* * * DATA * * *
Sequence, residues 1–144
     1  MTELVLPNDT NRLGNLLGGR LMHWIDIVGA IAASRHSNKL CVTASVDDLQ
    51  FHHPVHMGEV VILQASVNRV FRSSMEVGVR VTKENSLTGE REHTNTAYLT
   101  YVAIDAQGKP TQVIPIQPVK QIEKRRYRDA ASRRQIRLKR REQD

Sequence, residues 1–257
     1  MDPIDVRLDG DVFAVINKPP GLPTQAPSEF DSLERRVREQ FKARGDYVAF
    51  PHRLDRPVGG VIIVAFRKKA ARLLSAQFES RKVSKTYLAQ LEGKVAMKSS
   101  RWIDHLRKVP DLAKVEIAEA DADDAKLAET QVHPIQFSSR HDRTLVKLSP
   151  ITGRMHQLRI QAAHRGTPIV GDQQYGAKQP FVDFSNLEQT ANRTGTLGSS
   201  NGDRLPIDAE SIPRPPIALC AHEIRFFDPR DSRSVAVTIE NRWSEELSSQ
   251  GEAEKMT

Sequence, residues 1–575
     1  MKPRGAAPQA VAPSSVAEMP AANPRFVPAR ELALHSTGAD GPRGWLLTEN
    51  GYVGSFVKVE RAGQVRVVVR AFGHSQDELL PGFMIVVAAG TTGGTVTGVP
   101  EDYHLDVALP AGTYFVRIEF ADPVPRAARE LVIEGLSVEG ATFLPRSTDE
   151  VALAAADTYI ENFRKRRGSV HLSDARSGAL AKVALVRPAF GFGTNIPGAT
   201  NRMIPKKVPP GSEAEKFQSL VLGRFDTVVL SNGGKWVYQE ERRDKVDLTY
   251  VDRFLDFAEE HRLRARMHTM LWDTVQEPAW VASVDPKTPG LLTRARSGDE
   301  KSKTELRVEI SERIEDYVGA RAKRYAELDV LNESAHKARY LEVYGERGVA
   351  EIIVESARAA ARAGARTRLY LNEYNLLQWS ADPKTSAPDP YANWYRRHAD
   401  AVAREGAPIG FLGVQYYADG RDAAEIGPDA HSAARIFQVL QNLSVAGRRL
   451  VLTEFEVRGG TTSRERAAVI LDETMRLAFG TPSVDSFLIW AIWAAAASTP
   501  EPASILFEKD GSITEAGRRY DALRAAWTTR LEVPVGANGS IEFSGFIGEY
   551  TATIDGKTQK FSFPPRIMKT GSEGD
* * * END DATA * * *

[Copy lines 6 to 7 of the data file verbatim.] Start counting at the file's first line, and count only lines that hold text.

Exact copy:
     1  MDPIDVRLDG DVFAVINKPP GLPTQAPSEF DSLERRVREQ FKARGDYVAF
    51  PHRLDRPVGG VIIVAFRKKA ARLLSAQFES RKVSKTYLAQ LEGKVAMKSS